Lemons and limes look particularly good in the green bowls. If green isn’t your colour, I do have a couple of other Persinware scales with red, orange and yellow bowls…
Dymo label makers, # 1780, made in USA c.1972
Stamp stand, made in Australia c.1970s
Date stamp, made in Australia, sometime in the C20th
Retro office equipment- for real work, or just for fun! The 70s orange Dymo ‘1780’ label makers come with labelling tape – they take 3/8” tape [9mm] – so you can get labelling straight away. The Dymo tape is still available today; most larger stationery shops stock it. One label maker comes complete with its original box and full instructions. You can see the font type of the ‘1780’; just click on the image and look at the black label adorning the label maker on the left. The label is accurate ~it’s….FUN…FUN!
The baby blue enamel stamp stand is so very 70s! and comes with its own date stamp. No retro inspired office should be without one. Stamp like its 1999!
We picked this old timber piece up recently at a great industrial recycler that opened near our house – one of the advantages of living in an old, semi-industrial neighbourhood. It’s one half of a mechanics box – the routed hollowed sections housed metal pieces long since gone. It wasn’t quite as clean as this when we discovered it – but since it was drying out and needed oiling it got cleaned up in the process.
I love- and collect- old gauges and the mechanics box is great for displaying them. These gauges are out of an old Rolls Royce and are c.1930s. It’s nice when a styling piece can have another function.
And that’s an old industrial filter flask, Australian made and terrific as a funky vase. This is ‘industrial styling’ in our joint!
Pyrex coffee serving flask, made in Britain c. 1960s Smiths Ringer kitchen timber, made in Britain c.1960s
Pyrex made coffee percolators- and as see here- coffee serving flasks in Britain, America and Australia in the 60s. Every household had a percolator- which were quite functional in form and styling- and it was only the fancy-pants households that had the more decorative serving flask.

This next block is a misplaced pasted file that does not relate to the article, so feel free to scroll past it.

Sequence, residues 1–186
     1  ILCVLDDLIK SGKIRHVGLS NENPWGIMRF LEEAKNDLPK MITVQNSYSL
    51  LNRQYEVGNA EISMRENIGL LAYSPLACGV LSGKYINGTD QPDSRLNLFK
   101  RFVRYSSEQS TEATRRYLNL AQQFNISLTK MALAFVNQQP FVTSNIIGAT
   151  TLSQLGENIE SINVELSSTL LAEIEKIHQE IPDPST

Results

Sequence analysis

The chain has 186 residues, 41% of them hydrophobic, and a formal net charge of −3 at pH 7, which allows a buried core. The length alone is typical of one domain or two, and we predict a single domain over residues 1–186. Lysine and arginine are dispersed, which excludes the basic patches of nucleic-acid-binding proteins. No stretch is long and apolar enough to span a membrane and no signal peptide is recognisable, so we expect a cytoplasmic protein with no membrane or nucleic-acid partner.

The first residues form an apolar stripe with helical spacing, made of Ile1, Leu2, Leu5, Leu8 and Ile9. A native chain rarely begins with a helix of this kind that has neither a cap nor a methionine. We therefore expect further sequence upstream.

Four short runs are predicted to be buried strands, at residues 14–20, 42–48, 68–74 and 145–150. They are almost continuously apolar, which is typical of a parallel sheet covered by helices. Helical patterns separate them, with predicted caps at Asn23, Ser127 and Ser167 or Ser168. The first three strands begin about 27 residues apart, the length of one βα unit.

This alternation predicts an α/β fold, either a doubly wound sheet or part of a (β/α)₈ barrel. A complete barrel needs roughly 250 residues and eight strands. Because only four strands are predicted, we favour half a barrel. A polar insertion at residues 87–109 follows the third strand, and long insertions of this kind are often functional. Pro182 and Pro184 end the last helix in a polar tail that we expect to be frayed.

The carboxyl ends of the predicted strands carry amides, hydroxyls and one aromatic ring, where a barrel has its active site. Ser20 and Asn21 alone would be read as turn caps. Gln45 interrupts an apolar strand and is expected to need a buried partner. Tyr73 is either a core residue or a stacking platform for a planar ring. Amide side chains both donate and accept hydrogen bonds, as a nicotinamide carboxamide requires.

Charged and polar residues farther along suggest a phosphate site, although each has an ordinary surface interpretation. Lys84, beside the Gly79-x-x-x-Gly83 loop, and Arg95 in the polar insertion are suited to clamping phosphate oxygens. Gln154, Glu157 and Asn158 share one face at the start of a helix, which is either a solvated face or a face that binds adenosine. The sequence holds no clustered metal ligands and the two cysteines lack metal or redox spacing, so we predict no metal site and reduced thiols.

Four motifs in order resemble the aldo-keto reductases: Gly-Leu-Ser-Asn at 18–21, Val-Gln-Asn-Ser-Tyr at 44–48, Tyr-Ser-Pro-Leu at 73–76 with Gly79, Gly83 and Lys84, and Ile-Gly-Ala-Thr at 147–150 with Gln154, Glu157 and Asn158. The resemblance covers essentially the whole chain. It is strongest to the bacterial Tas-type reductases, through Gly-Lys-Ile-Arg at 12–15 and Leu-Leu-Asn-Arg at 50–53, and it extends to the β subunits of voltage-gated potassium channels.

This serving flask is such a product of the 60s- the handle and knob and bakelite, the large chrome band is off-set by the fake timber laminate on the lid. The glass is decorated with a subtle white abstract design: this is a flask that is straddling early and later mid-century modern design ideals.
The kitchen timer [a Smiths Ringer, British made 1960s] is also made of bakelite. This ringer is all precise functionality- two toned- and the bell still works a treat [have not tested it for timing accuracy- may be slightly less than accurate since it’s over fifty years old.] I have featured Smiths Ringers on the blog before- I am somewhat partial to them.
For the retro kitchen- the Pyrex serving flask and kitchen timer are for sale: $AUD75
Magic Brain Computer, pocket calculator made in Japan c. 1950s Micador 10 and Sun Hemmi bamboo slide rulers, made in Japan 1954
Following on from my last – nostalgic- post discussing technical scales, here are some calculation tools from the 50s.
I love the Magic Brain Computer [MBC]- for its name alone. Anyone who combines ‘magic’ and ‘computer’ has got it right as far as I’m concerned. It’s totally nerdy, but vintage nerdy! This ‘computer’ is aluminium and you use a stylus to move the columns of figures up and down- sort of like an abacus but with numerals. It comes with full operating instructions…and a smart vinyl case!
The three 10” slide rules are beautiful…and about the same vintage as the MBC. The two Sun Hemmi slide rules are bamboo laminated plastic- and the Micador is solid plastic. The two Sun Hemmi slide rules come with their original [and by the looks of them- untouched] calculation and equations piece that slides up and down the scale. All three slide rules come in their original boxes.